Ever since 2012’s razor-sharp Excision (or 2008’s short film Excision, technically), writer/director Richard Bates Jr. has been slicing and dicing the horror genre with his pitch-black brand and stinging social takedowns. Excision tore into religion and social awkwardness, while Suburban Gothic employed a goofy paranormal detective – but Trash Fire only crescendos his darkest thoughts.
Humor pushes through vile, narcissistic, masochistic appropriations of false appearances, making Bates’ previous films look like kiddie content in comparison. No character bothers to filter their intentions, berating one another with the most toxic, hurtful dialogue that’ll have you laughing your way to Hell. Bates writes a painful arc that’s constantly torturing those caught in their own emotional inferno, holding onto signature quirks despite his most serious vision yet. It’s a lit fuse that never stops burning, until humanity is nothing but blown-away dream.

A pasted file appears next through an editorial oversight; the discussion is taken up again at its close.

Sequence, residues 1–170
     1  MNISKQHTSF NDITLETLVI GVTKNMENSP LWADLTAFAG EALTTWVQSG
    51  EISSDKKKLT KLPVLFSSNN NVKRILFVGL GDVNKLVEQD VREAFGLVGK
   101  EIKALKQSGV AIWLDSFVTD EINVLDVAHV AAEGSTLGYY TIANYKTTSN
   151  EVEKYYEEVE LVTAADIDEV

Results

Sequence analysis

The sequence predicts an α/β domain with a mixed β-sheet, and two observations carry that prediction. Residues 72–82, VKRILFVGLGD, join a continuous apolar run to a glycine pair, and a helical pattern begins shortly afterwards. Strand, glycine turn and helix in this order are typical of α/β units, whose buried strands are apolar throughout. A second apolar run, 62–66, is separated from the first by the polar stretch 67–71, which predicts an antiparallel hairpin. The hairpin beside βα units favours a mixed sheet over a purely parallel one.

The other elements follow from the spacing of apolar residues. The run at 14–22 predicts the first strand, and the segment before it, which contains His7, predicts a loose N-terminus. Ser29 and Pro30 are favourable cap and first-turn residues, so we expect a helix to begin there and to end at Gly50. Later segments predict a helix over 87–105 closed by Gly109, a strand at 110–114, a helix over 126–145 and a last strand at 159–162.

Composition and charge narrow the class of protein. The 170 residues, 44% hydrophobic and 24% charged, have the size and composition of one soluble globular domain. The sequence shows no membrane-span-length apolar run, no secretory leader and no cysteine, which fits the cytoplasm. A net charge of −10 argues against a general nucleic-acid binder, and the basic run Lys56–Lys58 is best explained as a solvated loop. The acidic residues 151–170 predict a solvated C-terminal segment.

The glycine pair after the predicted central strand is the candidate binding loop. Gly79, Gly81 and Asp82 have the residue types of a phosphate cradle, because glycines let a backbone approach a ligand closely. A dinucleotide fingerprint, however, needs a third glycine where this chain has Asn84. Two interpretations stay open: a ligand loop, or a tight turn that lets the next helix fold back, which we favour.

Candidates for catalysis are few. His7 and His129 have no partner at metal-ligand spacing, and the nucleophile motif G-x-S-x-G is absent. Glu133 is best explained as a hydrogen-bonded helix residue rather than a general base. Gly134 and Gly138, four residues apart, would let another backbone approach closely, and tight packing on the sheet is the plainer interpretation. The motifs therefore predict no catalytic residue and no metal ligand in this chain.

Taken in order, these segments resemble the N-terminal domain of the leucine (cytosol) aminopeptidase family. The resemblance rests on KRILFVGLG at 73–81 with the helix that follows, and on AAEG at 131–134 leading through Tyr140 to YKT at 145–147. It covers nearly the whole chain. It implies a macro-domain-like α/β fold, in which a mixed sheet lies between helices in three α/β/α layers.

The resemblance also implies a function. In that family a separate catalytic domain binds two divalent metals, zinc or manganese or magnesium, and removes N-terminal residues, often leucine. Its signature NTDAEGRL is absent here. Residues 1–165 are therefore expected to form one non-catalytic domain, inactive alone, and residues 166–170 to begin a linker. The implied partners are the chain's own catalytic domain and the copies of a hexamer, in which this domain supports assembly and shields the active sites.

Adrian Grenier stars as Owen, whose life is a catastrophic disaster. His girlfriend Isabel (Angela Trimbur) is one last drunken outburst away from leaving, he lost all contact with his sister Pearl (AnnaLynne McCord) and he must live with the guilt of accidentally killing his parents. Owen doesn’t believe in happiness. Alcohol treats open wounds, but still can’t stop sporadic seizures from occurring. Oh, did I mention he’s also bulimic?
Yet even with all those demons raging inside, Isabel stands by the man she used to love, and pushes for some kind of reform. This brings Owen to his grandmother Violet’s (Fionnula Flanagan) rustic home, so he can finally reconnect with his long-lost sister. The same one he abandoned because she was too burned to escape with him…